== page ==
Are all equality movements really about equality if they are all divisive? Merriam Webster defines feminism as the belief that women and men should have equal rights and opportunities. However, many would argue that the name Feminist in itself implies the advocation of women’s rights over men. In fact, the American feminist movement has a history of being exclusive to white women and excluding minority groups. Nevertheless, it is important to mention that no social movement is perfect and in most cases, they tend to fall victim to their historical periods. It is also important to note that this is not an assailment on feminism, nor is this an attack on those outsides of the feminist movement. The need for social groups and advocates of oppressed people is amply relevant across history and even today. However, it is yet to be decided if so much specialization is an aid or a hindrance for the fight for equality.
As aforementioned, the traditional feminist movement has a history of being exclusionary to the concerns of minority women and men in general. For example, the American suffragist movement began in 1848 and concluded in 1920 when women acquired the right to vote. During this same time, Black Americans were still enslaved until 1863, and even after that were combating the conditions of inequality in American for decades to come. While Feminists were trying to secure the vote for women, black women were focusing on securing some of the most basic human rights. Even after “women” were granted the right to vote in 1920, black and racially minority Americans were not granted full voting privileges until the passage of the Voting Rights Act of 1965. Although black women were not blatantly excluded from the suffragist movement, it can be said that the feminist movement’s inconsideration of other women’s situation created friction between the groups which later promoted a division between the two.
The notion that feminism is focused on the rights of a particular group of individuals has led to the creation countless “equality groups.” Womanist identify as the champions of black woman’s social issues, xicanisma is a form of feminism which support the ending of the traditional role of Mexican American Women, and transfeminism emphases the feminist issues most important to trans women. Individuals who wish to promote equality without promoting one gender or race specifically tend to identify with humanism and egalitarianism ways of thinking. To some, this type of diversity can be a good thing. After all, one cannot expect one group to be focused on all of the problems of everyone in the world.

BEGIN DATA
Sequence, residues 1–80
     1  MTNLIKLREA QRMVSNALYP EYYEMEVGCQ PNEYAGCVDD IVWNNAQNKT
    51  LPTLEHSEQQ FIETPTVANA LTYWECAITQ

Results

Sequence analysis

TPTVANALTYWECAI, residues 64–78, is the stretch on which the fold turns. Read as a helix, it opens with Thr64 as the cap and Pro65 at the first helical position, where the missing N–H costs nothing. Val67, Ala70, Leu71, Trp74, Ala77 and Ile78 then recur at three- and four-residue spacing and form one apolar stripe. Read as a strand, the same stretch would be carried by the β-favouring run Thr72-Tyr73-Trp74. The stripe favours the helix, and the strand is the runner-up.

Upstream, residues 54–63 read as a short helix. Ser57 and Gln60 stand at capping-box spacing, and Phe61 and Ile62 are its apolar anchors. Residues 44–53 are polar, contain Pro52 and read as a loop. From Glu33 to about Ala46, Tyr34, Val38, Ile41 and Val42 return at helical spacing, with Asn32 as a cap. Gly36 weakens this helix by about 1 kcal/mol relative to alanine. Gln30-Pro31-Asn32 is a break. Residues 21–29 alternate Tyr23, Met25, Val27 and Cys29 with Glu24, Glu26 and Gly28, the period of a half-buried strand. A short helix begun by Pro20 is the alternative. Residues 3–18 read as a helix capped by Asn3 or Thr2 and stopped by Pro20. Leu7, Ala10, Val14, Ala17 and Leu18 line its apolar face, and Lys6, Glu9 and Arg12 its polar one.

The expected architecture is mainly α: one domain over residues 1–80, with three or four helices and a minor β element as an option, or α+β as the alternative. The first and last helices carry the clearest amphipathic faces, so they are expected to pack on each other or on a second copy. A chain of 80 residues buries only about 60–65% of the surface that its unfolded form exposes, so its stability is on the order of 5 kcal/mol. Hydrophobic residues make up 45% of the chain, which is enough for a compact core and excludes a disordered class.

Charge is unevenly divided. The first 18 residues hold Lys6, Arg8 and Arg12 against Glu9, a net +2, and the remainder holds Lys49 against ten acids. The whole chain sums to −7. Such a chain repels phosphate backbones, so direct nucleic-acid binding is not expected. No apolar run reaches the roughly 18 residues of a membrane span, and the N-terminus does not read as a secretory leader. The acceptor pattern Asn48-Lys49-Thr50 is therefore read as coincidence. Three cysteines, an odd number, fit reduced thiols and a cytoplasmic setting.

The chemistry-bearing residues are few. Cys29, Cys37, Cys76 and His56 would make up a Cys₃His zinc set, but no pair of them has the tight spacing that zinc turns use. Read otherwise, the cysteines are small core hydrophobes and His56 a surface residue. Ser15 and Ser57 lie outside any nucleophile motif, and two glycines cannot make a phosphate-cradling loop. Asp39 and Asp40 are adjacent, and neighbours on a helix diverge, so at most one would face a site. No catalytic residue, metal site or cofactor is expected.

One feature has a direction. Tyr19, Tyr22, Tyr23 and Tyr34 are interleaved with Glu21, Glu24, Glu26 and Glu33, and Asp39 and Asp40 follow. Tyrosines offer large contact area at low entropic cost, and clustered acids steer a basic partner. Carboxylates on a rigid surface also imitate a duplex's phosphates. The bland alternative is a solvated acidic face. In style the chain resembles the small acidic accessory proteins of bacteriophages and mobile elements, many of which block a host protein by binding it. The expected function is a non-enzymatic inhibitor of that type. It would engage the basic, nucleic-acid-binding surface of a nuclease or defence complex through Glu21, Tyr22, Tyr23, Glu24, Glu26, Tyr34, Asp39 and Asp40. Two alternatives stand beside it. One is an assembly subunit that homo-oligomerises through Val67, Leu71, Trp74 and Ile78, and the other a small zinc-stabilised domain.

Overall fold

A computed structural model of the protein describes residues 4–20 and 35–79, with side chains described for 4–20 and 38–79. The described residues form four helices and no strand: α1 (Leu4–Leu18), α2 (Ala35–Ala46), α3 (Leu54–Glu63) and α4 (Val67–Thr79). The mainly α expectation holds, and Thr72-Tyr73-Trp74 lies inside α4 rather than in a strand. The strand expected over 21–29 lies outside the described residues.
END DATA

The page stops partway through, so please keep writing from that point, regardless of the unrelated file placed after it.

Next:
Many men believe that feminist movements focus too much on the oppression of women and discount the flounders of men. The men’s rights movement and “meninist” movement were both created by men in order to highlight the ways men’s issues are marginalized in society. The meninist movement is relatively new and is argued to be a parody of feminist movements, but the men’s rights movement has been established since the 1970s. MRM supporters believe that there are numerous ways that men are discriminated against in the fields of criminal justice, family law, reproductive rights, and government benefits such as social security. MRM proponents also criticize such practices as circumcision and compulsory military services.
Having a diverse number of equality groups can be a good thing, however, diversity lays way to division once too much specialization is enacted. For example, the meninism movement, or meninism, is argued to have been created by men to make fun of the modern feminist movement. Subsections of feminism like TERFs (Trans-exclusionary radical feminist) have been erected with the sole purpose of forcibly discounting the struggles of others. The creation of these groups have not only created a dividing line between themselves and others but have also reduced the credibility of feminist and MRMs alike. Once the champions of women’s rights, feminist have been reduced to men-hating promoters of inequality. The men’s right movement has gone from bringing attention to the ailments of men to acting as a shield for misogynists who wish to spew sexist rhetoric.
Whether a person is a feminist, a men’s rights activist, or simply a promoter of equality, all should remember that no one’s cause is greater than the other. If the goal is equality, then it should not matter what you call yourself. What should matter is that you are doing the best you can to promote your cause, without promoting hate in the process.